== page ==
COLUMBUS, Ohio — Today, the world is more globalized and interconnected than ever before. For students, college administrators say, this means that no education is complete without a healthy dose of international experiences to help them explore and understand the culture, history, nature and business practices of other countries.
That’s what Dana Sorter experienced when she traveled to South Africa last summer as part of the Exotic Animal Behavior and Welfare Study abroad program sponsored by the College of Food, Agricultural, and Environmental Sciences at The Ohio State University.
“I chose this program to round out my animal science education. CFAES does a great job of providing opportunities to learn about food and companion animals, but I still wanted to learn more about exotic species and thought this would be a good way to do so,” said Sorter, a native of Loveland, Ohio, who started veterinary school at Ohio State this fall. “Observing animals in their natural habitat in game reserves and national parks is something that you just can’t duplicate in a lecture or lab on campus.”
In addition to expanding her professional training, the South Africa program gave Sorter the opportunity to broaden her understanding of the world and gain valuable personal skills.
“Studying abroad can enrich anyone’s education by giving them a global perspective. It is truly an invaluable opportunity to experience the world from a different cultural perspective than your own,” she said. “I also think that being able to say that you visited another country during an educational program is great for your professional outlook because any employer would love to see that you are willing to try new things and take a step outside of your comfort zone.”
Sorter’s experience is exactly what the college strives to offer students, said Kelly Newlon, CFAES study abroad specialist.
“When our students participate in a study abroad program, they do much more than travel to another country,” Newlon said. “They gain access to opportunities for tangible academic achievement and to tools that are crucial for their professional development in today’s globalized economy. At the same time, studying abroad gives them an invaluable opportunity for personal growth.”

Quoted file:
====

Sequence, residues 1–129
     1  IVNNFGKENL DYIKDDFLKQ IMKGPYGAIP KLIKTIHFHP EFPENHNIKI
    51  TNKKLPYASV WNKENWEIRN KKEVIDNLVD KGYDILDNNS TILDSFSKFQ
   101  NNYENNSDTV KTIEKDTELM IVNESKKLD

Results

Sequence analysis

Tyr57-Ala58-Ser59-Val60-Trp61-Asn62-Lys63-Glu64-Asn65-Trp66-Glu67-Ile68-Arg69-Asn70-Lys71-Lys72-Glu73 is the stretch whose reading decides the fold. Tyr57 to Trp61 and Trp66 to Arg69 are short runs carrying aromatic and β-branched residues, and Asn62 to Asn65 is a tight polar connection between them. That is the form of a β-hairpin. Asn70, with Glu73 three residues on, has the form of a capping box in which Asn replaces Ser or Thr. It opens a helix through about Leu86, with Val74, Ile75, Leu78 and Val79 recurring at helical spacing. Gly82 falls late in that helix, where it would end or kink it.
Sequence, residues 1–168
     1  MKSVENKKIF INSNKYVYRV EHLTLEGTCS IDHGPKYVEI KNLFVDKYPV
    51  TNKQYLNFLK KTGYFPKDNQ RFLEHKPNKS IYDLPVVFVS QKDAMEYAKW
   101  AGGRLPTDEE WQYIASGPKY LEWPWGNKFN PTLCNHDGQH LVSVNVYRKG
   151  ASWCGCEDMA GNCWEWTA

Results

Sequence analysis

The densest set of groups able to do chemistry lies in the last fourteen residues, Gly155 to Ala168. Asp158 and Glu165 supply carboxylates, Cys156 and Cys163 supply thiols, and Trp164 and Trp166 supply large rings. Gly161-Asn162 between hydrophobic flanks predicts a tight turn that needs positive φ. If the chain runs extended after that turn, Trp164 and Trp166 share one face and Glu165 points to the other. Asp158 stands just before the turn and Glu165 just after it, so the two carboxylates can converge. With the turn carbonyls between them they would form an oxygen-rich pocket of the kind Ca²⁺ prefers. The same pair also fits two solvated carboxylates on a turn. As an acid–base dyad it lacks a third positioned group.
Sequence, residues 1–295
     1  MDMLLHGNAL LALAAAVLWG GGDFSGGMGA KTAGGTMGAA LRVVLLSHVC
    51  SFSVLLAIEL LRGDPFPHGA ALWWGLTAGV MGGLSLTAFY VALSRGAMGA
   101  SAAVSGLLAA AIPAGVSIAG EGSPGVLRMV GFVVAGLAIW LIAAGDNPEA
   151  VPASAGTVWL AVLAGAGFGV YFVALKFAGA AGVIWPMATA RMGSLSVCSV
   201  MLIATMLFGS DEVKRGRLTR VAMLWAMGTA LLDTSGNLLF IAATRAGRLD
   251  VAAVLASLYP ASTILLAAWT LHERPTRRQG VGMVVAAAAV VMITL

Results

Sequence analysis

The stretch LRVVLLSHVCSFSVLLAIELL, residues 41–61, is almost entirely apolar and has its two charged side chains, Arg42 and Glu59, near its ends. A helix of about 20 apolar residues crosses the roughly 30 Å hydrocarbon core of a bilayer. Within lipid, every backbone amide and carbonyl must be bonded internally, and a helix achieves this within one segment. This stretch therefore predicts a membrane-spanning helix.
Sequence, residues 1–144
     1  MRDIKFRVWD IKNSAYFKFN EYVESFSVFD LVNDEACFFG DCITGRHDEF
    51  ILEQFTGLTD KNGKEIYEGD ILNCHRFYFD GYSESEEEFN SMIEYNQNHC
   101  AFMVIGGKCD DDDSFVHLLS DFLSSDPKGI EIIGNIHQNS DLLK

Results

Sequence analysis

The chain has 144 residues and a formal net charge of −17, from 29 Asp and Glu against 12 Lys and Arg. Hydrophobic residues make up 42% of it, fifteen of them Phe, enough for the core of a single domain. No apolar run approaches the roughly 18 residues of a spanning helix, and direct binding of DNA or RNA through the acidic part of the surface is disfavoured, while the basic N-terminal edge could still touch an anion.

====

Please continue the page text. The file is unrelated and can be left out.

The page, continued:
CFAES is already a leader at Ohio State in providing meaningful study abroad programs and in the number of students taking part in them. On average, more than 40 percent of CFAES students participate in study abroad programs, compared to the university’s overall rate of approximately 20 percent.
During the 2014-15 academic year, 219 CFAES students took part in 34 university-sponsored study abroad programs, traveling to a total of 26 countries. The college itself sponsored 12 of those programs during the past year, which were attended by both CFAES students and others from Ohio State.
“It has been my vision to expand to all seven continents for quite some time, and we have now achieved that goal,” said Newlon, referring to the college’s first-ever study abroad program to Antarctica, which will be offered starting December 2015. During the 2015-16 academic year, CFAES will offer 19 study abroad programs to 16 countries and Antarctica.
The Antarctica program sets CFAES study abroad even further apart, as it is the only Ohio State program to this desolate continent that is open to any major and is organized as a group experience. Geography students have in the past conducted research with faculty members in Antarctica, but this is the first time a formal Ohio State study abroad program has been developed there.
“We are continuously seeking to improve, expand and meet the needs of our students,” Newlon said. “The college’s Study Abroad Advisory Committee has a goal of 50 percent of our students going abroad during their undergraduate career. We will also continue to fine-tune our programs to ensure that all students have access to a program that helps them meet their graduation requirements within their major or minor.”
Focus on access and affordability